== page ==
**½/**** Image B+ Sound B+ Extras B
starring Ethan Embry, Charlie Korsmo, Lauren Ambrose, Jennifer Love Hewitt
written and directed by Deborah Kaplan & Harry Elfont
by Bryant Frazer Opportunistic special-edition DVDs are a dime a dozen, so the sudden appearance of a "10 Year Reunion Edition" of Can't Hardly Wait doesn't exactly signal that this insistently lightweight teen comedy is now considered a timeless classic. What it is, instead, is a remarkable time capsule--a look back, as though from decades removed, at what passed for youth culture in 1998. Audaciously staged as a little-more-than-real-time dramatization of a single night's house party, the air humid with that special, pheromone-drenched mist of booze and sweat and young sex and aspirations towards same, Can't Hardly Wait is a reminder of the pop-cultural moment when Brad and Gwyneth were the hot celebrity couple, Jennifer Love Hewitt was an up-and-comer, nobody had ever heard of Selma Blair or Lauren Ambrose, and the likes of Smash Mouth and Eve 6 were planting hit singles on MTV and the radio.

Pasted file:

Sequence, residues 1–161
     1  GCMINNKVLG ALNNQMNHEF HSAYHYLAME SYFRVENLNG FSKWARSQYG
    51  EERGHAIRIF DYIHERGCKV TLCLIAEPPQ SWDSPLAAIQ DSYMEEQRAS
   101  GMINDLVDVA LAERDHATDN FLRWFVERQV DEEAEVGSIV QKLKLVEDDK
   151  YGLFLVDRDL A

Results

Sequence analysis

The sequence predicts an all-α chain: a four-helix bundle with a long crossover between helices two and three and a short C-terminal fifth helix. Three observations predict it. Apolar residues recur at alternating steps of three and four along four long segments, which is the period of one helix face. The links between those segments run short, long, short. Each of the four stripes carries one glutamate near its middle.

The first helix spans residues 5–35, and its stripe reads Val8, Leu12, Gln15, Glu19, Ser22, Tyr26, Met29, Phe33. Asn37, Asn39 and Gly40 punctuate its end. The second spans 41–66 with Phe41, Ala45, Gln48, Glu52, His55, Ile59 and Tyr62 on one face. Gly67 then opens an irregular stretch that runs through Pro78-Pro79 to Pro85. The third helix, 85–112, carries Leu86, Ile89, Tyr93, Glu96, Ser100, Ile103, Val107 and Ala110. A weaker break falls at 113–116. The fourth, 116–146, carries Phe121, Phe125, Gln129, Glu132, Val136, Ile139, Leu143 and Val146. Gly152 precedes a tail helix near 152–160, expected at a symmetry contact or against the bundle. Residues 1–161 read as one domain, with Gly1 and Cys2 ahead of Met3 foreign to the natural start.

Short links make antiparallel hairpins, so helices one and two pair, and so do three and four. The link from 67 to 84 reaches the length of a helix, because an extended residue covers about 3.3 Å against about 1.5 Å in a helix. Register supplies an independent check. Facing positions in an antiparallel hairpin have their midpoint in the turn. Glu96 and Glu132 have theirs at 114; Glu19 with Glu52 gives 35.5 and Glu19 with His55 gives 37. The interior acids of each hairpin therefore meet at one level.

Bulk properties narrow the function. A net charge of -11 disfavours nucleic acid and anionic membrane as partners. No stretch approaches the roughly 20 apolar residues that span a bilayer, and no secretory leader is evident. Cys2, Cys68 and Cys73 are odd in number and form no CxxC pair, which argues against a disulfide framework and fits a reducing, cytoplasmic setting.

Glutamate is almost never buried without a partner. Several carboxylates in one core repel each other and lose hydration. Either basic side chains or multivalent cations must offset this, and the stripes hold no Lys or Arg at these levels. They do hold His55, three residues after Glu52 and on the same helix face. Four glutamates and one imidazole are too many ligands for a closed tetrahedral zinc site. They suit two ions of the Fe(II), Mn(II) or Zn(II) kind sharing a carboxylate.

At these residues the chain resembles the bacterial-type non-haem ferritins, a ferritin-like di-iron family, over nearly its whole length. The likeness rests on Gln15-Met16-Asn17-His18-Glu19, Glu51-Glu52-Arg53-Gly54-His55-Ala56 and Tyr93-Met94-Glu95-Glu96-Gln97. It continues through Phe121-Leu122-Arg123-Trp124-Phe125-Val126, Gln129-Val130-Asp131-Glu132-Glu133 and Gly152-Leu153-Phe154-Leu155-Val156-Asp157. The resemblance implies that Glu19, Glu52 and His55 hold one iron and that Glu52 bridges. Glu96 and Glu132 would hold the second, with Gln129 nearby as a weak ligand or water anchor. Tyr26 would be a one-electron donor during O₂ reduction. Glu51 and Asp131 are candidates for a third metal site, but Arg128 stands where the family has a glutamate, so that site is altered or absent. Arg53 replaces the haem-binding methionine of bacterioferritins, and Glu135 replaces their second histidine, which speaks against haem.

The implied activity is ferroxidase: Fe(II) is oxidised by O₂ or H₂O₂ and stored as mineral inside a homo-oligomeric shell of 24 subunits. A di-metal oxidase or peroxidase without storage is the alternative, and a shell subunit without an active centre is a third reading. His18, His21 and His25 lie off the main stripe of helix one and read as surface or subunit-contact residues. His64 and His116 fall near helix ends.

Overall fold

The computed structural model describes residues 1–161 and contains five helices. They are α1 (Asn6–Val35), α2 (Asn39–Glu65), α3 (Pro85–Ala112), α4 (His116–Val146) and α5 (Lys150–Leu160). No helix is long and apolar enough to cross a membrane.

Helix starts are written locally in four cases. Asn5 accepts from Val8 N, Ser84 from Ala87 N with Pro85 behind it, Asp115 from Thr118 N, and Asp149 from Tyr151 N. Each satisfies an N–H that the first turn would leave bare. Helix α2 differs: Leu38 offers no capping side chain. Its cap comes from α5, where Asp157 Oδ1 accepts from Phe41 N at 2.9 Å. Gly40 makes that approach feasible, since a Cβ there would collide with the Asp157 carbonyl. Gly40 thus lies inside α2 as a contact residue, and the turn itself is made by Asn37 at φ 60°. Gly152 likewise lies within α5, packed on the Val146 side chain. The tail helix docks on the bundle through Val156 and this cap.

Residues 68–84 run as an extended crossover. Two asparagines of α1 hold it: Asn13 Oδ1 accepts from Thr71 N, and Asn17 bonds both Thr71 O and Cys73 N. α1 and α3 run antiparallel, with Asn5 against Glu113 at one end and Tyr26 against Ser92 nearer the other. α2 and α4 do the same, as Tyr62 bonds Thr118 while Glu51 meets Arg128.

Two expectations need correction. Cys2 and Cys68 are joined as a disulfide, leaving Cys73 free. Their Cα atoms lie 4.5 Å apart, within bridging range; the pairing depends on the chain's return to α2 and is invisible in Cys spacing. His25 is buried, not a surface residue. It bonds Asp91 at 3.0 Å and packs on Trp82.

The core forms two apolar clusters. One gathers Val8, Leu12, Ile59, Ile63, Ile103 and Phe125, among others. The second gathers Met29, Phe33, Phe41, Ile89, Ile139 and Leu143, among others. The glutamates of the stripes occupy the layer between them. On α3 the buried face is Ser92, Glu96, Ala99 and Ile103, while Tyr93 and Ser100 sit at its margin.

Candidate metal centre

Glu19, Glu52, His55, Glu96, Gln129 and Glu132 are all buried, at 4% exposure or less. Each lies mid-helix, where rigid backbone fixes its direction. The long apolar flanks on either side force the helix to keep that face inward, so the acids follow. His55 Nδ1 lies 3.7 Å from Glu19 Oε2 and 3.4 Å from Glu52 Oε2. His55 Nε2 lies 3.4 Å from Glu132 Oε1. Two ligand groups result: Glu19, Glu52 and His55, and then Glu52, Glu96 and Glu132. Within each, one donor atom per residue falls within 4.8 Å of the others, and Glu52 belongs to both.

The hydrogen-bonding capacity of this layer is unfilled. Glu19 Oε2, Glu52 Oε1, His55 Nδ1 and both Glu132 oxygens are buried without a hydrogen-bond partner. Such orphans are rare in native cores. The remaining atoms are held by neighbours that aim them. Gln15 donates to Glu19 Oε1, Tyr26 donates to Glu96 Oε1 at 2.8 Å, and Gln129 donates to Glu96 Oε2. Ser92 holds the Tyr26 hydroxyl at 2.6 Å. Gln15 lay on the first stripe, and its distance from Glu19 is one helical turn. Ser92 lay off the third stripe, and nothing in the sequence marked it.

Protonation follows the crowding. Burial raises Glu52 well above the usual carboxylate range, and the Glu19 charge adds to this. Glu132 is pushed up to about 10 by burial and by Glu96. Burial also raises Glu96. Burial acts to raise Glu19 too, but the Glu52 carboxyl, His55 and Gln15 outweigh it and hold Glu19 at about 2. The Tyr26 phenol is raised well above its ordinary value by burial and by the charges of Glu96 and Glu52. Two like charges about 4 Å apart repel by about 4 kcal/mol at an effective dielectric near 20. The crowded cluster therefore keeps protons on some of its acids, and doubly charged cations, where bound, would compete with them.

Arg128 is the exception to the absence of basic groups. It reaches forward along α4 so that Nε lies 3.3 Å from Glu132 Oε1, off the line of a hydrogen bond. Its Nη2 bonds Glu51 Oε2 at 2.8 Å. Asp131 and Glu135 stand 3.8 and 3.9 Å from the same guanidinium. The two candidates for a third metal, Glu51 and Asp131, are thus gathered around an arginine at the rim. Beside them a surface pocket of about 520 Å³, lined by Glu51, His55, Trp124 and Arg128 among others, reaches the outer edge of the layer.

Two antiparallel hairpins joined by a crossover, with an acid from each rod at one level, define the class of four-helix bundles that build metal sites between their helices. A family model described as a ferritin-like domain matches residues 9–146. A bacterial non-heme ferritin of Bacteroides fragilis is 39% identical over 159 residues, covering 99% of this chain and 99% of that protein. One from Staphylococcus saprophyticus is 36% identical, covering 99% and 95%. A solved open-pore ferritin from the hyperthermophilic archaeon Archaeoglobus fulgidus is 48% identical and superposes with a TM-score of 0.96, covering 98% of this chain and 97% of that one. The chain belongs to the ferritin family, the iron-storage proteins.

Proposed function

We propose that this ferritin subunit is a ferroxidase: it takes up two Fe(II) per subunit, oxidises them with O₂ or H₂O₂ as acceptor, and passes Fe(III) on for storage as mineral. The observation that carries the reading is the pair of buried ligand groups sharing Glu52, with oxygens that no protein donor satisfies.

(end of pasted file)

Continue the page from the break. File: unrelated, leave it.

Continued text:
Co-writers and co-directors Deborah Kaplan and Harry Elfont weren't exactly spring chickens when they made this movie, but they weren't too much older than the actors, either. Combining their sensibilities with those of their younger cast members, the film in some ways represents the end of an era. While the soundtrack may reach way back to chestnuts like Dire Straits' "Romeo and Juliet," Nazareth's "Love Hurts," and the eponymous Replacements anthem, it doubles as a survey of the late-'90s pop landscape and features a propulsive score with some chug-chug guitar work by (I'm guessing) co-composer Matthew Sweet. Seth Green's white-boy B-boy is a precursor of both Eminem and Ali G, as well as an artifact of a hip-hop style that was at the time just starting to be eclipsed by Timbaland's high-tech beats. And Can't Hardly Wait deals in a shameless, sunny-eyed idealism that prizes sincerity and explicitly privileges the notion of true love; the spirit of Wim Wenders even touches the film as, in one spectacularly sweet vignette, a bikini-clad angel (Jenna Elfman, in a terrific uncredited cameo) touches down outside a neon-lit diner to dispense some hard-won advice to the broken-hearted protagonist. In short, we're a long way yet from the crass, porn-inflected attitudes of Superbad.